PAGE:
LINCOLN — Smokers would pay more taxes while property taxpayers would get some relief under a bill introduced in the Nebraska Legislature on Friday.
Legislative Bill 1013 would increase cigarette taxes by $1.50, boosting the state tax total to $2.14 per pack.
State Sen. Mike Gloor of Grand Island, the bill's sponsor, said the tax change would bring in an estimated $120 million.
He is proposing to put $45 million into the state's Property Tax Credit Fund and use another $45 million to increase the personal property tax exemption.
An additional $30 million would be added to the state's Health Care Cash Fund for a variety of health programs.
Gloor said the tax increase would offset some of the costs to state government — and state taxpayers — from tobacco use.
Smoking-related health problems account for $162.3 million of the state Medicaid budget, he said, and smoking claims 2,500 lives per year.
"I know the impact of this on state coffers," he said. "It seems this is a fairness issue."
Gloor said the tax increase also would encourage more Nebraskans to quit smoking, which would reduce future health costs.
"My proposed increase ... will help us take a big step toward reducing heart disease, lung disease and cancers caused by smoking and tobacco use," he said.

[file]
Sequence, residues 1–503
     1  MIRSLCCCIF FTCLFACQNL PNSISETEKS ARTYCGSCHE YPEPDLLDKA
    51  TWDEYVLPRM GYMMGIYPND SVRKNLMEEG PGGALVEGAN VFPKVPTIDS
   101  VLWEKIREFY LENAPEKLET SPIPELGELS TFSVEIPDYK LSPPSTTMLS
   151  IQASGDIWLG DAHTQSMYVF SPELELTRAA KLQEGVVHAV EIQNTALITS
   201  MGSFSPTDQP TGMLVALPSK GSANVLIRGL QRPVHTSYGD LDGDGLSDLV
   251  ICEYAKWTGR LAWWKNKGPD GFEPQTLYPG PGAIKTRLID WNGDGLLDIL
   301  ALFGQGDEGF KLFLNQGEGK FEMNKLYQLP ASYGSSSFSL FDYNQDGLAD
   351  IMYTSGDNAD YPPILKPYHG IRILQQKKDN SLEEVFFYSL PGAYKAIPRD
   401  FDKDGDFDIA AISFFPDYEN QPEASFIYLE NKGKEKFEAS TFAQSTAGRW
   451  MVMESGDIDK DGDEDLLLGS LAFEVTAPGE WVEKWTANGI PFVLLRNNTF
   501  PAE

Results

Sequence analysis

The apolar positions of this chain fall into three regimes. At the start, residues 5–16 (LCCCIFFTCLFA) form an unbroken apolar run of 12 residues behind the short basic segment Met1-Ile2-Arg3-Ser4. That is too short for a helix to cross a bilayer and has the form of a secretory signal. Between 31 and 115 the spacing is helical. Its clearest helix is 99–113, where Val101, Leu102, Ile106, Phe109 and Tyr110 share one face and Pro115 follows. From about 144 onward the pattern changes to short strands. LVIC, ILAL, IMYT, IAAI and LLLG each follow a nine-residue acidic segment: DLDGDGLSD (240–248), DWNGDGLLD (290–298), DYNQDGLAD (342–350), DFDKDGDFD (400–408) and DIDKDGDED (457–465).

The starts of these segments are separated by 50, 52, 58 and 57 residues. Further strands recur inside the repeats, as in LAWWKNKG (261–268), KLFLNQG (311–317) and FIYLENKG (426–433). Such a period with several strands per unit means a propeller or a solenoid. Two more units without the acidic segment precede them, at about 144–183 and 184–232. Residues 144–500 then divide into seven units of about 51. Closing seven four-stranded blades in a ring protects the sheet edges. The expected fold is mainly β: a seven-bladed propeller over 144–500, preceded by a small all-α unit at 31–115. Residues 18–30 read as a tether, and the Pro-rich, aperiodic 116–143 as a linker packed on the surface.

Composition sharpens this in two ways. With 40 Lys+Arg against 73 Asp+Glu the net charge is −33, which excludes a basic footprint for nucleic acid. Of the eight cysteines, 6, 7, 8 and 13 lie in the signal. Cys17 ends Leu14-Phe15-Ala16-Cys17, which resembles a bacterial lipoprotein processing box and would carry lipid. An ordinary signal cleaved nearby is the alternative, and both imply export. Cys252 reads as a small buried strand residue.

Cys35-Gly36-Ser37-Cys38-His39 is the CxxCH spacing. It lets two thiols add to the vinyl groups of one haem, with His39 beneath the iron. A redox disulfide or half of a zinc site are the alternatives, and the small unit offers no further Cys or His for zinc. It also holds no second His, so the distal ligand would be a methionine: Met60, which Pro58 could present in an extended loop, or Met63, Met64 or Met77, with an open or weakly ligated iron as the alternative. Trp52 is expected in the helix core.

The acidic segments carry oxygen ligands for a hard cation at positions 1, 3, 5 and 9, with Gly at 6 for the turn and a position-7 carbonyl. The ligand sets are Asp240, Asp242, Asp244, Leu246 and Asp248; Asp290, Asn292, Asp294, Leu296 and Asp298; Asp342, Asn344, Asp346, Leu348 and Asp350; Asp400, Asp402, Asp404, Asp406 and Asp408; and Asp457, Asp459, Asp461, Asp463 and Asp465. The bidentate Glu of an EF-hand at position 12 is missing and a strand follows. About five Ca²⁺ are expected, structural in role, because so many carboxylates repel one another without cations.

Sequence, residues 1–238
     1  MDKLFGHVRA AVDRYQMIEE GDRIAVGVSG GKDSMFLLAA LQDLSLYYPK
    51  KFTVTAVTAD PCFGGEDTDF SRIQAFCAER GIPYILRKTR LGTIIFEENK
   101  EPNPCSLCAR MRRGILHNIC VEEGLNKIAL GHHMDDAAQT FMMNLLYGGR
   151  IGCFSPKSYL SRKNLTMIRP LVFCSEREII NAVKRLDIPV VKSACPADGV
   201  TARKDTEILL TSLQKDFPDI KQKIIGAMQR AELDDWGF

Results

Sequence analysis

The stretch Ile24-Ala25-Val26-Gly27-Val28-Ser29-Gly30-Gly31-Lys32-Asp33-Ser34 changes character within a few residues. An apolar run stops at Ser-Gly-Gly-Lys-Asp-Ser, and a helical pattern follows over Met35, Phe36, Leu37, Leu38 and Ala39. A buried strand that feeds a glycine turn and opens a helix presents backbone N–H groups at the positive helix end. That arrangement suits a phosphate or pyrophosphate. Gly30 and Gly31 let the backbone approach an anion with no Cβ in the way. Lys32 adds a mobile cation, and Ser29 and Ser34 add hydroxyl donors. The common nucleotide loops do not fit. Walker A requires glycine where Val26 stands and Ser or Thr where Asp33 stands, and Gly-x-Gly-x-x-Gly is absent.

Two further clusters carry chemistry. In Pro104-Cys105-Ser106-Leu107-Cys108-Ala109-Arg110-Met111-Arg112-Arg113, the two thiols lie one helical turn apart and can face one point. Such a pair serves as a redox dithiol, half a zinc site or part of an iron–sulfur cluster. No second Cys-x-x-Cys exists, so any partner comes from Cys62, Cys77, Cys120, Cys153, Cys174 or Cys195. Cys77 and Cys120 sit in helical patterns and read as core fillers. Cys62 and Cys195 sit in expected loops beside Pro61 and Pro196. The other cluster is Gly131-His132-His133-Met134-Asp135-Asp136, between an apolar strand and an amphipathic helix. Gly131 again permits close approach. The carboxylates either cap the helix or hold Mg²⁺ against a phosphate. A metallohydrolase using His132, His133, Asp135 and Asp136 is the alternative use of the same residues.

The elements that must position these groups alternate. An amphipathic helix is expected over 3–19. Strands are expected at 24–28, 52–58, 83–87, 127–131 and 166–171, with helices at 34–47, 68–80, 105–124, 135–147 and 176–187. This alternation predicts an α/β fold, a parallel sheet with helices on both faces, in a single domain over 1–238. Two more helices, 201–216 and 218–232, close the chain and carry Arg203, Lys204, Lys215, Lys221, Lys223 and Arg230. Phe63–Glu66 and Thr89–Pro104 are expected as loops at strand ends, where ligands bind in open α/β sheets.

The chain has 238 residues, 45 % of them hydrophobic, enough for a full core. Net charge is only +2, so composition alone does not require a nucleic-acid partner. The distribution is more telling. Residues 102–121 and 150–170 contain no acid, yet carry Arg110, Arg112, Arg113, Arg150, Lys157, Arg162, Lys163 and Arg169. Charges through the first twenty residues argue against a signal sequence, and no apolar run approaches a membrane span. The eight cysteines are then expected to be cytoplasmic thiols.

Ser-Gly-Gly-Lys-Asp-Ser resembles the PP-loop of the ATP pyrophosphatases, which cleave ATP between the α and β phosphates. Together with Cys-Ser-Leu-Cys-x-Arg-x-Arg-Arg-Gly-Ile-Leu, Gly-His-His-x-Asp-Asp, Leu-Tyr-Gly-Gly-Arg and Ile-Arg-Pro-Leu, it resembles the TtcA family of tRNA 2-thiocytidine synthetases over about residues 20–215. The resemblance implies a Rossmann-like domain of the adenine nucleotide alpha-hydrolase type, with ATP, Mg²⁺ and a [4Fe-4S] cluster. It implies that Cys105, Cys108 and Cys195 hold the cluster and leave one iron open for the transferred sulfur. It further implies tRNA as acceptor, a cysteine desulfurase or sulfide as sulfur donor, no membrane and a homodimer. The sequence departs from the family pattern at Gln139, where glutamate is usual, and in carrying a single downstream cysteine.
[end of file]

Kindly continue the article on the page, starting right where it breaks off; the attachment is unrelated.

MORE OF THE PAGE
David Holmquist, a lobbyist for the American Cancer Society Cancer Action Network, estimated that the tax increase could keep 12,100 young people from getting addicted to tobacco and push 12,300 adult smokers to quit, thus saving 7,000 lives.
"Tobacco control is a vital component of a healthy state," he said.
Nebraska's current cigarette tax ranks 40th among the 50 states and the District of Columbia, according to the Campaign for Tobacco Free Kids.
Gloor said the most recent increase in the cigarette tax was in 2002. At that time, the increase pushed Nebraska's cigarette tax into the top quarter of states.
Since then, 47 states and the District of Columbia have raised their cigarette taxes. The highest state rate is $3.75 in Rhode Island. The lowest is 17 cents in Missouri. In Iowa, the cigarette tax is $1.36.
Gloor said he could not predict how his proposal would fare this year. It is his third attempt to increase the cigarette tax. Bills introduced in 2011 and 2013 never made it out of committee, even though he made the 2013 proposal his priority for the year.
"We're going to raise the tobacco tax sometime, unless we aspire to be the bottom-ranked state in the nation," he said.
Past efforts ran into opposition from convenience stores, which argued that an increase would lead to the loss of sales, and from those who oppose any tax increases.
LB 1013 would not apply to electronic cigarettes. Gloor said the state does not levy excise taxes on those devices.
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